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Subject:So girls can tell if a guy will cheat but not easily the other way around?
Time:11:13 pm
Current Mood:worriedcautious
Gene treatment for male monogamy


Gene treatment for male monogamy
From AFP
June 18, 2004

YOU'VE just met the man of your dreams. But will he love you forever? Or will he love you and leave you? If only there were some sort of blood test to find out for sure...

Well, if one day a "fidelity test" for men does emerge, women may have the humble vole to thank, according to a study published Thursday in the British science journal Nature.

In a remarkable experiment in hormone chemistry, behavioural scientists implanted a single gene into promiscuous male voles, transforming them at a stroke into faithful, attentive and caring partners.

The rodent in question is the meadow vole, Microtus pennsylvanicus -- and he is the original love rat.

The male vole thinks nothing about mating with several females at one time and leaving them to rear his offspring while he wanders off in search of his next conquest.

In contrast, the meadow vole's cousin, the prairie vole (Microtus ochrogaster) is a model of fidelity.

After mating, the male prairie vole sticks close to his partner, protects her jealously and looks after the little ones after they are born.

This is such a rare thing in nature -- fewer than five per cent of all male mammals are monogamous -- that the prairie vole has become quite a celebrity in biology labs.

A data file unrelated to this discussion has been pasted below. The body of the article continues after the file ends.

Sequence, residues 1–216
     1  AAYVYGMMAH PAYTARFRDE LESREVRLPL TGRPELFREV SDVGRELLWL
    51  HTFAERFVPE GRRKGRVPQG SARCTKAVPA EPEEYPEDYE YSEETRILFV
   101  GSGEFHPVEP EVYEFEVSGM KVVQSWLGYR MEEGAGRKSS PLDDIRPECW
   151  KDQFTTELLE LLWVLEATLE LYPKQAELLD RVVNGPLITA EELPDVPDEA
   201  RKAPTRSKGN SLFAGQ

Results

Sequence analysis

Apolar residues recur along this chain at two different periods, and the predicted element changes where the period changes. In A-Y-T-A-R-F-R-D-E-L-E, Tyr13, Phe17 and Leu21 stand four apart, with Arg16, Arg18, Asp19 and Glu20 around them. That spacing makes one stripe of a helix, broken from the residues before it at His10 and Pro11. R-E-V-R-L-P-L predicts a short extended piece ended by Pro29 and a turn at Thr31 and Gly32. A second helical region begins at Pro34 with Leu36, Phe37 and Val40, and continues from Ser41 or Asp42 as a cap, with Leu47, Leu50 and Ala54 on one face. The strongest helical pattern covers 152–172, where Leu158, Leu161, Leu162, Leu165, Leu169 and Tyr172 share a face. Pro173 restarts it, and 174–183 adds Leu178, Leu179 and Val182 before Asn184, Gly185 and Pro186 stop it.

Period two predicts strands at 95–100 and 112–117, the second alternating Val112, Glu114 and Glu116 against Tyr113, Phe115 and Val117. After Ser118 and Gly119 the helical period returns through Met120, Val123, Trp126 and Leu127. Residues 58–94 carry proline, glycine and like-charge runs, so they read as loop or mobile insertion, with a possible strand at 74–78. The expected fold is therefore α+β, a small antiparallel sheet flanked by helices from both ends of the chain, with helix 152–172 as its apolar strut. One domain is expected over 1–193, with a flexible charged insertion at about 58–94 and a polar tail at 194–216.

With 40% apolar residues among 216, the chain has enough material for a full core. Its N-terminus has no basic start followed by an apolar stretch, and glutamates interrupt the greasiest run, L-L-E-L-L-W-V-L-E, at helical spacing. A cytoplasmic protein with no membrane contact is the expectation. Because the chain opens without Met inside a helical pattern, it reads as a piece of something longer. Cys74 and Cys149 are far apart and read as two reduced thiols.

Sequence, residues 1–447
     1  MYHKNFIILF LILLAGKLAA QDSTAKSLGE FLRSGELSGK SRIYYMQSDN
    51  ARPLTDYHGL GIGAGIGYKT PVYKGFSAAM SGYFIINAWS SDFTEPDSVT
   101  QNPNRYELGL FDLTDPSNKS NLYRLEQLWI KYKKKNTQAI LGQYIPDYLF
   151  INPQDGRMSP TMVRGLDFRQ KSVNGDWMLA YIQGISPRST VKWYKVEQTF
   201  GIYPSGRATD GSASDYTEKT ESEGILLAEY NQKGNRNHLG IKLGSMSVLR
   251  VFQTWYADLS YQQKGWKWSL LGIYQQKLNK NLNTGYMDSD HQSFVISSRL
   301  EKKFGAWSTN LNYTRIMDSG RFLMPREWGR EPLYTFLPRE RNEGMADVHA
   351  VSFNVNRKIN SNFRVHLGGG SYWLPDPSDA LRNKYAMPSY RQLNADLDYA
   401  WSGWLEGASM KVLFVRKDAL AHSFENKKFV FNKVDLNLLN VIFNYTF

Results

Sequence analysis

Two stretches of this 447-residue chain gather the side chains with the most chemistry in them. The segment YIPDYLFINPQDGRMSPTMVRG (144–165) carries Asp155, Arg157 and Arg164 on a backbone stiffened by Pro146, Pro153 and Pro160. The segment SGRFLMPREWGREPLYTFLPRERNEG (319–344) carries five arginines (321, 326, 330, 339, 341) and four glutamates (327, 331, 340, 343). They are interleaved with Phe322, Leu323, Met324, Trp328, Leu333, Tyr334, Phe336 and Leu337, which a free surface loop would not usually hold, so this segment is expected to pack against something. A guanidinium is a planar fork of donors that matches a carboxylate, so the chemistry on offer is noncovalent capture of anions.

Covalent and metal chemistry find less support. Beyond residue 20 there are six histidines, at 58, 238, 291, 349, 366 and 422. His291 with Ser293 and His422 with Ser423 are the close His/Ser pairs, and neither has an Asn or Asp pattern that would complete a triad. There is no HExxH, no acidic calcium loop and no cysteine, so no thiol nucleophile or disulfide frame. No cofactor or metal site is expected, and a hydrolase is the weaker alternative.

Previous studies have shown that its brain is studded with receptors for a hormone called vasopressin, which appears to encourage pair-bonding.

Intrigued by this, researchers led by Miranda Lim and Larry Young at Emory University in Atlanta, Georgia, implanted a gene for the V1a receptor in question in the brains of naughty meadow voles.

They tucked the gene into a harmless virus which then delivered the V1a gene to the ventral pallidum region of the voles' brains.

What happened next was dramatic. Once, the voles were Don Juans forever on the cruise. Now, they had a chosen partner, and would only ever mate with her.

Even when temptresses came by and flaunted their voley charms, the genetically-modified males only had eyes for that one partner.

The study theorises that when the modified meadow vole has sex, his brain release vasopressin, which is picked up by the V1a receptors.

They, in turn, unleash serotonin, a "feel-good" chemical, to flood the brain. Put together, it means the vole associates the feeling of reward when he has sex with this specific mate, and does not want to prejudice that sensation by having sex with others, according to this notion.

In a commentary, also published in Nature, US anthropologist Melvin Konner, says the work helps strengthens theories that an "organic subculture" -- our genes and the chemicals they produce -- lies at the root of the psychology of relationships.

That theory is bitterly contested by sociologists, who say social forces and environmental influences are the primary moulds which condition human bonds.

"We are a long way from a commitment pill, but perhaps closer to a neurology of romance," says Konner.

He adds: "We do not yet know if a similar system helps explain male attachment in non human primates, much less humans. But a medicine that might someday be offered to certain men is an interesting prospect."
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